Baltimore Sun Examines Genetic Resear...

Baltimore Sun Examines Genetic Research Technology Aimed At Tes...

There are 1 comment on the Pharma-lexicon.com story from Nov 9, 2006, titled Baltimore Sun Examines Genetic Research Technology Aimed At Tes.... In it, Pharma-lexicon.com reports that:

In the past, physicians were restricted to such factors as a patient's age, family history and tumor size in assessing cancer risk and treatment method, but that has changed as researchers "identify genes that, ...

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gdpawel

Franklin Park, NJ

#1 Dec 7, 2006
Combination Cellular And Gene-Based Testing

Cancer occurs when cells lose the molecular mechanisms that control their growth and death, resulting in uncontolled cell proliferation and form tumors. These molecular mechanisms are contolled by genes encoded in the DNA of the cell, and acquired mutations or other changes in these genes lead to loss of control. Therefore, cancers are genetic diseases. But, each individual tumor, even those of the same general type will have different mutations, the consequences of which may be altered by the tissue environment, which can in turn be influenced by the external environment. The result is that cancers are even more different from each other than the individuals affected.

This heterogeneity means that a particular drug will rarely be effective against all tumors of a particular type, and the degree of efficacy will vary between patients. Also, as a result of their original mutations, many tumor cells acquire the ability to adapt rapidly to changes in their environment, sometimes by further mutation, often by molecular changes which induce resistance to the drugs used to treat them. Further courses of chemotherapy then select for resistant cells, and the treatment eventually fails to control the tumor.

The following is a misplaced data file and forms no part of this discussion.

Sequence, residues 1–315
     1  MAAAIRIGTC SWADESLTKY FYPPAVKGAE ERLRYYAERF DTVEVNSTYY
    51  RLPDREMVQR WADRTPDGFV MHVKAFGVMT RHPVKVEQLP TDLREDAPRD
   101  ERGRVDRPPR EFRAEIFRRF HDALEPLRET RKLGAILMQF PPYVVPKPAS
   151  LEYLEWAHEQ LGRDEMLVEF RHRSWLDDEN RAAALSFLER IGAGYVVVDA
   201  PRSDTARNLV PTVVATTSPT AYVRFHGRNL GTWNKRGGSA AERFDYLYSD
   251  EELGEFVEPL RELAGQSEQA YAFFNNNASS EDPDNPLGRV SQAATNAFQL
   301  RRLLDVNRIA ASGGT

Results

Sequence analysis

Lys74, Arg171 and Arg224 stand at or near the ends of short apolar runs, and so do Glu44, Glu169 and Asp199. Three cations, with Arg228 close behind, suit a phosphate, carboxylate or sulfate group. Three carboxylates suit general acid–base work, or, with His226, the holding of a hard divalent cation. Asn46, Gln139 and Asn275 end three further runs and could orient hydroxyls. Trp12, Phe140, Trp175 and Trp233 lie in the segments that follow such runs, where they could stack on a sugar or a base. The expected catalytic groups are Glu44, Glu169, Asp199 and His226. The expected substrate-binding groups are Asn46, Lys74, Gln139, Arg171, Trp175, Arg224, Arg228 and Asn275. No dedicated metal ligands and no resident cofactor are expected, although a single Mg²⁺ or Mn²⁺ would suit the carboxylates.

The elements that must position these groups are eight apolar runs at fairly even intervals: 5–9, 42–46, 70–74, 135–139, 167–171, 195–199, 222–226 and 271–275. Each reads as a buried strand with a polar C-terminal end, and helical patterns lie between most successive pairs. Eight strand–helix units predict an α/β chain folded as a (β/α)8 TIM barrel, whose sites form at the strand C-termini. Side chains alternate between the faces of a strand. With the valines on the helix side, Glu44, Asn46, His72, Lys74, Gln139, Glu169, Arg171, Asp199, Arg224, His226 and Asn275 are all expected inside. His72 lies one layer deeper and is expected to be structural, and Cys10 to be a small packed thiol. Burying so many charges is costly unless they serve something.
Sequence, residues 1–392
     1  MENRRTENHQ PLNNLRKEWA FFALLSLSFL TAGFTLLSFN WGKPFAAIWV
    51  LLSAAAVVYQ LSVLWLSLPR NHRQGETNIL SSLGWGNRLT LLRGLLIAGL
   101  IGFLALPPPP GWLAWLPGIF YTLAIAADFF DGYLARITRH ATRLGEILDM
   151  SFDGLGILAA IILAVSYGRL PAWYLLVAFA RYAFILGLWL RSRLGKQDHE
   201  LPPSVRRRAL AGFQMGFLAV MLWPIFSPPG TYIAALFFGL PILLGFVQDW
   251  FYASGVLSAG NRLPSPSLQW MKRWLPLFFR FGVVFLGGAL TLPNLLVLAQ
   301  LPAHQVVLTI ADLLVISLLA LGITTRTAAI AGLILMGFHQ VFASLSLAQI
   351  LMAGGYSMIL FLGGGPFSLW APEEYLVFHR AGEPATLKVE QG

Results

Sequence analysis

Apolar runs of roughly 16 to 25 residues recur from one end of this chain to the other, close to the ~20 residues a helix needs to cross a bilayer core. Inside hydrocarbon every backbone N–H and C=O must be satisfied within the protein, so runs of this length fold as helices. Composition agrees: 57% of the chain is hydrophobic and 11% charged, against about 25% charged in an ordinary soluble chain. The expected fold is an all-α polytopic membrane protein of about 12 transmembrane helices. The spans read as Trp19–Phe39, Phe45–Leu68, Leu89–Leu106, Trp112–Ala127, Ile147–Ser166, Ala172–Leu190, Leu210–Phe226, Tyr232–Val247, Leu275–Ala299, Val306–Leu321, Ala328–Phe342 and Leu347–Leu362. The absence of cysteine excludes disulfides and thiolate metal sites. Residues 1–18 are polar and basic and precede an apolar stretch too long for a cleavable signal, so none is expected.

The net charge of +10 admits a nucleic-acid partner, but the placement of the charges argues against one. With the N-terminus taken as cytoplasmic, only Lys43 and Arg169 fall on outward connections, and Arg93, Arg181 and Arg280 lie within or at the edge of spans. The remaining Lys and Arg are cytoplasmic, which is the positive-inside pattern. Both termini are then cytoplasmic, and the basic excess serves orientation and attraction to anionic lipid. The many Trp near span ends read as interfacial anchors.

To overcome the problems of heterogeneity and prevent rapid cellular adaptation, oncologists are able to tailor chemotherapy to individual patients. This is done by testing the tumor cells to see if they are susceptible to particular drugs, before giving them to the patient. Many hope that molecular tests may hold the key to success, particularly as more specific drugs are designed to hit the molecular changes that are responsible for the uncontrolled growth of cancer cells. However, most tests that are now in use have limited predictive accuracy.

So how about exposing cancer cells to the drug and testing their effect? You need to expose the cancer cells to the drugs without altering their behavior from the original tumor. It is not possible to remove the non-cancer cells from the tumor without doing this. But certain assay culture methods can get rid of the non-cancer cells before the end of the culture period. These cell culture assays have contributed to the molecular understanding of chemosensitivity and resistance.

Cell culture assay tests with cell-death endpoints are effective in identifying gene expression patterns that correlate with clinical drug resistance. Gene expression definitions of sensitivity and resistance are significantly and independently associated with treatment outcome.

Cell culture assays are the Rosetta Stone which allows for identification of clinically relevant gene expression patterns which correlate with clinical drug resistance for different drugs in specific diseases. There is no single gene whose expression accurately predicts therapy outcome, emphasizing that cancer is a complex disease and needs to be attacked on many fronts.

A number of cell culture assay labs across the country have data from tens of thousands of fresh human tumor specimens, representing virtually all types of human solid and hematologic neoplasms. Cell culture assay labs have the Rosetta Stone database necessary to define sensitivity and resistance for virtually all of the currently available drugs in virtually all types of human solid and hematologic neoplasms.

I believe that improving cancer patient diagnosis and treatment through a combination of cellular and gene-based testing will offer predictive insight into the nature of an individual's particular cancer and enable oncologists to prescribe treatment more in keeping with the heterogeneity of the disease. The biologies are very different and the response to given drugs is very different.

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